Profile: Greg Fairchild, Founder of the Prison Entrepreneurship Project

By Charlottesville Tommorrow 

An inmate in the Fluvanna prison system may be surprised to find a professor from one of the nation’s premier business schools leading a workshop on entrepreneurship– but this vision of self-employment can be one that transforms the prospect of life after prison in an otherwise bleak job market. Greg Fairchild is a professor at the University of Virginia’s Darden School of Business, and was ranked by CNN as one of the top 10 business professors in the globe. His work as a professor employs principles of strategic management, entrepreneurship, and ethics in solving social problems, and it meets reality in helping provide prisoners new pathways to improve their lives.

How did this start? What was the inspiration?

My interest in prisoner reentry has roots in my work as an educator, as well as messages I received as a child. As an educator, I have seen firsthand the transformational capacity of the tools and techniques we use everyday at the University of Virginia. I believe that if we stretch ourselves, we can find that the same techniques can have impact in solving tough social problems. I am also certain that messages I received from the pulpit as a child were an influence. I can recall John Bradford, and “There but for the Grace of God go I.” I was reminded by my parents that much had been given to me, and much was expected.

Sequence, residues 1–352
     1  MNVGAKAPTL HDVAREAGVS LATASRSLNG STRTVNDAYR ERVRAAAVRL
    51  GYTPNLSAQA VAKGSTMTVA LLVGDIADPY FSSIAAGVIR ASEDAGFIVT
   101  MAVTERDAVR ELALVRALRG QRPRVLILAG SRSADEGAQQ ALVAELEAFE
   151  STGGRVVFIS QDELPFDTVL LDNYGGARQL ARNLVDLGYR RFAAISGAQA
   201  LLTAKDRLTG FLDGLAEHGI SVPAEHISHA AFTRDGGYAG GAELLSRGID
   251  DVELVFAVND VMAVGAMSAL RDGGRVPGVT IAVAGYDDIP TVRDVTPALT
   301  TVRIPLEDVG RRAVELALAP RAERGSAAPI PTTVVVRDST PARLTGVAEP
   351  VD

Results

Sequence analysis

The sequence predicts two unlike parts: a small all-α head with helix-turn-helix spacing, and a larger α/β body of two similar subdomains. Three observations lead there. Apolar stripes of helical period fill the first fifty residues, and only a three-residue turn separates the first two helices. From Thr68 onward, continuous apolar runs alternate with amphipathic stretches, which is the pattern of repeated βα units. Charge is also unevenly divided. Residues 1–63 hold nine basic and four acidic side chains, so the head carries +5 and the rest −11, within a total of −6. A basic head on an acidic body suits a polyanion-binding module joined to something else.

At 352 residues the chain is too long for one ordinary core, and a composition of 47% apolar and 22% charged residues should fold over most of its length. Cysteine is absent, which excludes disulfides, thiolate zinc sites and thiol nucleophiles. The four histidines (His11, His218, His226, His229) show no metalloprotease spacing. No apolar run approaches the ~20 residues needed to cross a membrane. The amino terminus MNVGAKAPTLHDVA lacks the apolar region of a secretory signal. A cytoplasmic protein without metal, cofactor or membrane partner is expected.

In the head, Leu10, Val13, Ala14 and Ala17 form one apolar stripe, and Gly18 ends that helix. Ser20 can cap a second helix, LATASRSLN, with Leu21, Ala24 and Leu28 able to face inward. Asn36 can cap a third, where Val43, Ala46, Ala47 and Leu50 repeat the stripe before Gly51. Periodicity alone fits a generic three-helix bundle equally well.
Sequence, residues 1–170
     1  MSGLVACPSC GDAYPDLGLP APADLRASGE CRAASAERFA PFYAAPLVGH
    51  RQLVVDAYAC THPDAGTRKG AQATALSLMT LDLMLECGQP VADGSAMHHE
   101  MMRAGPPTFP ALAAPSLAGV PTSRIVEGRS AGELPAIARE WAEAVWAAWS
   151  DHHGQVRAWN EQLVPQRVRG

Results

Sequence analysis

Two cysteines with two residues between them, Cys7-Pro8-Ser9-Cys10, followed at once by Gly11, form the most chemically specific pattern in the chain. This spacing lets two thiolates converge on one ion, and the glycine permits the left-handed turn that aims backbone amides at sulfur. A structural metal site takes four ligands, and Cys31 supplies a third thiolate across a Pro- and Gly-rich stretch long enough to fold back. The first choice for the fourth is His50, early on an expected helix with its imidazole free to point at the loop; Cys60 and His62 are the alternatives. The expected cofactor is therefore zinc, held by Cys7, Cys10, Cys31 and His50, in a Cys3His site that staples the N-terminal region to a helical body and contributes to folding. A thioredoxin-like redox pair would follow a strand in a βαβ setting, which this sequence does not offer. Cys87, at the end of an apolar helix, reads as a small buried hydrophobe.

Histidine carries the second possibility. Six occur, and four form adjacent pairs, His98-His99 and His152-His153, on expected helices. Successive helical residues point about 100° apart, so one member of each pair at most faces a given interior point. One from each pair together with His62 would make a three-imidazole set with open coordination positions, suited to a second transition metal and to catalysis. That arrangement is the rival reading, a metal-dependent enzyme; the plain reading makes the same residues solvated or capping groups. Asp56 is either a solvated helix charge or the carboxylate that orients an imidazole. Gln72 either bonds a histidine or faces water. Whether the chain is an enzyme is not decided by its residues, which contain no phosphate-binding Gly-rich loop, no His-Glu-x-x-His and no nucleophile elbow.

The Prison Entrepreneurship Project is one component of a larger initiative, Resilience Education. My wife, Tierney, has been my partner from the inception. We share a hope in the unseen, and a belief that many communities and individuals go overlooked. Our current projects include entrepreneurship education for prisoners reentering society, and financial literacy for victims of intimate partner violence.

When did you begin to suspect this could be a success?

One of the biggest advantages in getting this going has been that so many people get why this work is important. It is difficult not to notice the size and growth of the currently and formerly incarcerated in our community, to recognize the staggering costs in dollars and personal suffering, and not want to do something to help others make an affirmative transition.

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